Contested views of expertise in children's care and permanence proceedings

Malcolm Hill, Vicki Welch, Andressa Gadda

Research output: Contribution to journalArticlepeer-review

5 Citations (Scopus)
28 Downloads (Pure)


In this article, we consider different perspectives on who is best able to provide relevant and helpful expertise in public law cases where the long-term care of children is under consideration. Opinions vary and sometimes conflict on the respective importance of legal, child-centred, and lay understandings. These opinions relate to views on rights, appropriate procedures, decision-making processes, and the effects of decisions on children.

Firstly, we summarise literature relevant to the knowledge and skills of three key groups of decision makers within the Scottish child care system: legal professionals, child care professionals and lay decision-makers and outline literature about guardians ad litem and their counterparts. We then discuss issues of expertise emerging from a study exploring the reasons for, and impact of, the appointment of safeguarders (who, in Scotland, perform a similar role to guardians).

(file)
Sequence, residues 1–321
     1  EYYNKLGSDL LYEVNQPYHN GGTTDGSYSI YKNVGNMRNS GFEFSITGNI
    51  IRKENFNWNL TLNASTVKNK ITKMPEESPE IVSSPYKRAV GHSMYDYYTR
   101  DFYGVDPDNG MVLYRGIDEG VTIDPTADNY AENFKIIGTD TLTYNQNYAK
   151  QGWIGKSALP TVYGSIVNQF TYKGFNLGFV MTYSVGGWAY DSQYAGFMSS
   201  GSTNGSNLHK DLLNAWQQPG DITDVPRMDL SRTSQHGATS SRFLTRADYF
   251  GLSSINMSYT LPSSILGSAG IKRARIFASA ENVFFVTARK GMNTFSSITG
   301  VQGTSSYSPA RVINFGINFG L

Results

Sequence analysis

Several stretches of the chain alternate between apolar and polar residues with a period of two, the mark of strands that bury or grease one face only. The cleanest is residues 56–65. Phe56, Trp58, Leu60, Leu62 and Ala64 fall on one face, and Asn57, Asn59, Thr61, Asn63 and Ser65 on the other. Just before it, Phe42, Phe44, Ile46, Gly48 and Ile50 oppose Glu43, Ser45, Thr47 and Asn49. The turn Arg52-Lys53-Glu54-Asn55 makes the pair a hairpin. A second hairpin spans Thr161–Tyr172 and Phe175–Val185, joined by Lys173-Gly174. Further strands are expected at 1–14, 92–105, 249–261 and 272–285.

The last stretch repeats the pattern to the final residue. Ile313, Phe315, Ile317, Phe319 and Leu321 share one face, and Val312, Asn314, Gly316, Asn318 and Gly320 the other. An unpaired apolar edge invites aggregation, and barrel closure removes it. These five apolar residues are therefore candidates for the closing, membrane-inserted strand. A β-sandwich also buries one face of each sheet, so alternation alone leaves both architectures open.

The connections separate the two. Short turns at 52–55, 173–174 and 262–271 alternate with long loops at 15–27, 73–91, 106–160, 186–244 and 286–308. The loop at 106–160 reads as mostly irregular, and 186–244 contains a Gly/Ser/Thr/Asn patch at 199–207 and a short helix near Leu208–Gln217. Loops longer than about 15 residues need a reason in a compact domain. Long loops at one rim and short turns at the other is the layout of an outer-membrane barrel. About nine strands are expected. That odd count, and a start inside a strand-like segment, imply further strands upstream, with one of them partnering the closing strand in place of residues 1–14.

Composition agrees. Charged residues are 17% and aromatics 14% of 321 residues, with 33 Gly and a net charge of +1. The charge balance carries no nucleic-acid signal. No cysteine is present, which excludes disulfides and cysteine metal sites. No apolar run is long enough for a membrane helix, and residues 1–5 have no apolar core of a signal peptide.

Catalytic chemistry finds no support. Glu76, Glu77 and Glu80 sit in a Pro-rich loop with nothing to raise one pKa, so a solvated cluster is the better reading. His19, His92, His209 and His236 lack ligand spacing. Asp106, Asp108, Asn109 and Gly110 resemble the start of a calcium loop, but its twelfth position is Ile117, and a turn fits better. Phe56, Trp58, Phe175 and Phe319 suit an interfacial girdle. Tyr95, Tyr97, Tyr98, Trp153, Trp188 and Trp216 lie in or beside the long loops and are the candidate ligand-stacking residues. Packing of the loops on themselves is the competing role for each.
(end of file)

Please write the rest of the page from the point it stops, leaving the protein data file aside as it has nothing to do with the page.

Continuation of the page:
We conclude that there may be an increasing tendency for disagreement and a lack of clarity about who is able to provide the most relevant and helpful expertise to hearings; this may have negative effects for children.
Original languageEnglish
Pages (from-to)42-66
Number of pages25
JournalJournal of Social Welfare and Family Law
Issue number1
Publication statusPublished - 3 Feb 2017


  • permanence
  • guardians
  • experts
  • safeguarders
  • Children’s Hearings
  • legal representation
  • safeguarding
  • best interests


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